Family Business Challenges

Family owned businesses face many unique challenges that derive from the overlap of family, ownership, and management systems. You may recognize your own family business in a few of the challenges listed below:

  1. Growth limitations.  Lack of capital and resistance to re-investment in the business or pursuit of outside resources artificially stunts growth.

  2. Non-business issues. Family problems, including health issues, marital affairs, and financial problems create difficult political situations for other family members.

  3. Soft structure. The frequent lack of clear policies and business norms for family members may lead to operational confusion.

  4. Limited vision. Lack of outside input on how to operate the business, as well as competing visions held by various family members, may limit new opportunities.

  5. No written strategy.  Long and short-term plans often remain undocumented.

  6. Compensation issues. Compensation and benefits for various family members may not reflect their actual participation or may conflict with non-family compensation packages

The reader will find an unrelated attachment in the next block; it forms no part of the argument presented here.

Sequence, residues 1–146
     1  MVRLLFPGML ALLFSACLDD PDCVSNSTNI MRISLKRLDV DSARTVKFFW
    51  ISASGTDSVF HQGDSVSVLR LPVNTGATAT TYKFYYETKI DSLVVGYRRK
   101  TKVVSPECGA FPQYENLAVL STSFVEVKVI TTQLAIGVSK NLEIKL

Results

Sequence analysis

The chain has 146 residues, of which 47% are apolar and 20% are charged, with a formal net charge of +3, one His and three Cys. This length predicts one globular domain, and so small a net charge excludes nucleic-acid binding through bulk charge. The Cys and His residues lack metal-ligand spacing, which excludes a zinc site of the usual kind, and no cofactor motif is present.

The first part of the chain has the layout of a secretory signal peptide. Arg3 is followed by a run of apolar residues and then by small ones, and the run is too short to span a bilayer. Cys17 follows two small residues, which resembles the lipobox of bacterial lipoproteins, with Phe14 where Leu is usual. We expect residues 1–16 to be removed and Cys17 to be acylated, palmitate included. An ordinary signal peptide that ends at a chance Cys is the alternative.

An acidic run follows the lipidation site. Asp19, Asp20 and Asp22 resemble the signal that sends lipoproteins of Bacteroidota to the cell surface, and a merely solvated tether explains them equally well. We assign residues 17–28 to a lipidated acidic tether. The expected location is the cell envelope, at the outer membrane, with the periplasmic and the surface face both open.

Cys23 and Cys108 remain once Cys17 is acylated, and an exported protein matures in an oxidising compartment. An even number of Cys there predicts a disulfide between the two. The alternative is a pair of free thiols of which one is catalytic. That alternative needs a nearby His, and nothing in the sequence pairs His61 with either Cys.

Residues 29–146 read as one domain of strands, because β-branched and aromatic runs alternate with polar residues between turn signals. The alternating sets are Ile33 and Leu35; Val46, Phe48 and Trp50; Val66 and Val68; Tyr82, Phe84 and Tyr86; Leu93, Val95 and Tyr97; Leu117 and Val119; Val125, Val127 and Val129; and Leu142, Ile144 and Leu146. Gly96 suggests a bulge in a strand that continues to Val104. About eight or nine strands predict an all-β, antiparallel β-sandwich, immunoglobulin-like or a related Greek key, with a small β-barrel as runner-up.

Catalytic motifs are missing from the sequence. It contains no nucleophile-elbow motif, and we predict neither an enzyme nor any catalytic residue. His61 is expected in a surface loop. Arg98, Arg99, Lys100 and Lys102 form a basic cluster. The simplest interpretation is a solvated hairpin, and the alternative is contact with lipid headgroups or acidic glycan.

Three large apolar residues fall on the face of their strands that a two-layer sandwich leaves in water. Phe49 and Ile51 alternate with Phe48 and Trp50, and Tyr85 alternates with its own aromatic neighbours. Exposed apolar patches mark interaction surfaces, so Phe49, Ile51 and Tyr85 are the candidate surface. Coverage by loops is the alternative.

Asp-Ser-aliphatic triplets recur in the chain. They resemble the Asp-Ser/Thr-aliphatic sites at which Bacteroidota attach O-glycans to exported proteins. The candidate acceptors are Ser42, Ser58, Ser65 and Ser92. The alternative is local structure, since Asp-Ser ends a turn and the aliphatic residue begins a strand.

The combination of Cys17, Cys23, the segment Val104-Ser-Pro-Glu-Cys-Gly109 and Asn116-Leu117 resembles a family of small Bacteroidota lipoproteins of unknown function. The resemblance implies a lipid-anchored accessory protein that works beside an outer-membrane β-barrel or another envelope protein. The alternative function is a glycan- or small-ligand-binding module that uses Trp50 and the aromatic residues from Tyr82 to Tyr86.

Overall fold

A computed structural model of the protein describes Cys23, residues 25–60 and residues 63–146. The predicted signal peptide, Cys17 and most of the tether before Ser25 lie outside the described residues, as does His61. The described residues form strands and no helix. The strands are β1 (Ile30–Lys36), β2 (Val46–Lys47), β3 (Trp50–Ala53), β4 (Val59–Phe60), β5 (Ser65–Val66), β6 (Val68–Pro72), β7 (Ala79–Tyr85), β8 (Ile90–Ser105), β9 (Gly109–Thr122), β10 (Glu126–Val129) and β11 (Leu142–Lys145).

7. Who’s in charge of what?  Poor definition of roles and responsibilities limits accountability and efficiency.

  8. Skills and talent. Family members may lack the skills and abilities necessary for their positions but it may be impossible to fire them.

  9. High turnover.  “Outsider” employees may sense that family members will always advance quicker; also they may become frustrated with family-directed management.

  10. Succession planning. Uncertainty as to if, how and when the next generation will take control is the omnipresent elephant in the room.

  11. Poor training. Integrating family members into the company are often automatic rather than systematic.

  12. Paternalistic leadership. Tradition and family respect tend to override the pursuit of improved management practices.

  13. Resistance to change.  The desire to keep the status quo can frustrate younger family members and prevent the adoption of new ideas.

  14. Communication problems. Relationships within the family, rather than a clear process, drive communications, leaving them subject to motivation by anger, frustration or envy.​

  15. Exit strategy. Little or no attention may be paid to how to sell, close or merge the business.

  16. Valuation questions. No focus on what the business is worth or what will make it more or less valuable puts family members at odds with the marketplace.

  17. Control issues. Family members with little day-to-day participation may have unusually high levels of control.